ANALYSIS: What are the political implications of the lifting of the Temple Mount prayer restriction?

by - 13th May 2015

‘IT IS the most contested piece of real estate on earth: a thirty-five-acre not-quite-rectangular enclosure on the south-east corner of the Old City of Jerusalem.’

Thus journalist Gershom Gorenberg describes the Temple Mount/Noble Sanctuary in his book, The End of Days: Fundamentalism and the Struggle for Temple Mount.

The contest can be viewed as political or spiritual, and as one pitting the Israelis against the Palestinians or the Jews against Muslims, with Christianity a deeply interested party – on both sides.

Who can pray in that contested space?

Answering that question means taking account of both political and religious concerns.

The al-Aqsa mosque and the Dome of the Rock atop the Mount go back to the early days of Islam.

Muhammad, in his celebrated Night Journey, is reported to have travelled from Mecca to Jerusalem on his winged steed, Buraq – a journey known as the Isra -- tethered Buraq on what is now the Wailing Wall, and ascended from the Mount to the Heavens – the Miraj -- where he spoke with various earlier prophets and was given the rules for prayer now in effect across the Islamic world.

Indeed, Jerusalem was the first qibla or direction for prayer, before Muhammad was instructed to make the Kaaba in Mecca the qibla.

The Mount – known to Islam as the Noble Sanctuary or Haram al-Sharif – was in Muslim control for centuries, and can reasonably be considered the third holiest site in Islam after Mecca and Medina.

In the aftermath of the Six-Day War, the Mount came under Israeli control, but for reasons of prudence combined with the sacredness of the site in rabbinic law, the Israeli government and rabbinate left the plateau of the Mount under the control of the Waqf, an Islamic trust overseen by Jordan that now forms part of the Palestinian Authority.

Under the Waqf’s direction, and with the support of the rabbinate, Jews and Christians have not been permitted to pray on the Mount.

Even moving one’s lips in what appears to be prayer has been forbidden.

From a Jewish perspective, however, the Mount marks the foundation from which the earth was built, the site where Abraham prepared to sacrifice his son, known as the Akedah or Binding of Isaac, and the site of the first and second Temples.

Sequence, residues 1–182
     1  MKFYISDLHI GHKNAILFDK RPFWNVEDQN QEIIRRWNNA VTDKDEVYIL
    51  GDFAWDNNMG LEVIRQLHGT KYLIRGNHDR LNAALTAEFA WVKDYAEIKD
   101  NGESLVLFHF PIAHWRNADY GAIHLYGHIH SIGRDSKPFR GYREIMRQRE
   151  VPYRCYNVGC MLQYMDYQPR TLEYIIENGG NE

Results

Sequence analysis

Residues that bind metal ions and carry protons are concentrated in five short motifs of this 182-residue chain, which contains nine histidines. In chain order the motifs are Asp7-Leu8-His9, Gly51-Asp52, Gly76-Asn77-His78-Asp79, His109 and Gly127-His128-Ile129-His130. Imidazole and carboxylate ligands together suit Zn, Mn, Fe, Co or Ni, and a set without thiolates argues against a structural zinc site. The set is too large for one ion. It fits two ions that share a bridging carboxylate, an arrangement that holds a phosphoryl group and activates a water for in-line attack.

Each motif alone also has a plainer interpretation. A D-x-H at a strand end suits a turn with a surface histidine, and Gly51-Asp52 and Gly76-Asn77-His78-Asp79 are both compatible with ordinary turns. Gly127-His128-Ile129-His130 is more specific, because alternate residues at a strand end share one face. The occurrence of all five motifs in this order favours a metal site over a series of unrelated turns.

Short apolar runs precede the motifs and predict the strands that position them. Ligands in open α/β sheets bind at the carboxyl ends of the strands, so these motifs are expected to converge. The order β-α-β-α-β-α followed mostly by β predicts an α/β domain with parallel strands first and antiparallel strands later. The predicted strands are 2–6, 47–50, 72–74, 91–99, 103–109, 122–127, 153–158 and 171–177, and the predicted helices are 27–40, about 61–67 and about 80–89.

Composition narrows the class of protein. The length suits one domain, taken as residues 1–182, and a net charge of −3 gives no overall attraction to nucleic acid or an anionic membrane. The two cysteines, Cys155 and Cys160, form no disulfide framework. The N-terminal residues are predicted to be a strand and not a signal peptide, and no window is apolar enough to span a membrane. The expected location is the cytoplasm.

For Jews, it is clearly the single holiest site in the Holy City, the Holy Land, and the ‘navel of the world’.

Christians too have an interest in the Mount, since Jesus is recorded as debating with learned elders in the Temple at the age of twelve.  Helater spoke out against the moneychangers there: ‘It is written, My house shall be called the house of prayer; but ye have made it a den of thieves’ – and overturning their tables, and finally prophesying the Temple's destruction, which occurred in 70CE.

Freedom of worship

Freedom of worship in Jerusalem, the capital of Israel, on Temple Mount, Judaism’s most sacred site – shouldn’t every Jew have it?

One Israeli general suggested the Dome of the Rock should be demolished when the Mount was captured by Israel in 1967.

Instead, Israeli authorities approved a plan whereby Jewish prayer was forbidden on the Mount itself but permitted at the Kotel or Wailing Wall which surrounds a part of it.

Jewish ritual purity laws, likewise, made such a decision feasible, since special purification would be required for Jews to walk where the Temple Holy of Holies once stood.

Shifting sympathies

Israeli sympathies, however, are shifting, and there is now an increasing movement to allow Jewish prayer on the Mount, along with a movement to build a Third Temple – a project with which many Christian evangelicals, particularly in the United States, are in sympathy – and to prepare furnishings, ritual objects and priests (cohanim) for a return to Temple sacrificial practice.

Among many Palestinians, Palestinian Christians included, this development is predictably unwelcome.

And thus the ideal of freedom of prayer – which is also absent in Mecca where it is still a capital offence for non-Muslims to go – comes once again in conflict with the realities of a Middle East in which small sparks can set off major disturbances.

The Jerusalem Post reported in January that Jewish visits to Temple Mount had increased by 92 per cent since 2009. The Jewish magistrate’s court ruling that Yehudah Glick could no longer be restricted from visiting was hailed as a victory by his fellow activists [see accompanying News Focus].

Glick had been videotaped praying on the Mount, however, and as the Post put it in a more recent article:

'The Supreme Court has previously upheld the theoretical right for Jews to pray at the site, although it has stated that the security services are permitted to take security considerations into account when deciding whether to allow non-Muslim prayer there.'

Thus military and political pragmatism continue to clash with religious and libertarian ideals over the right to worship on the site.

While a precarious calm has been largely maintained, current stirrings on both Judaic and Islamic sides suggest that the Temple Mount/Noble Sanctuary is one of the world’s ‘hottest’ spots, and all developments there should be monitored with care --  and triple religious insight.


This article has been corrected to clarify that the Dome of the Rock is a shrine, not a mosque.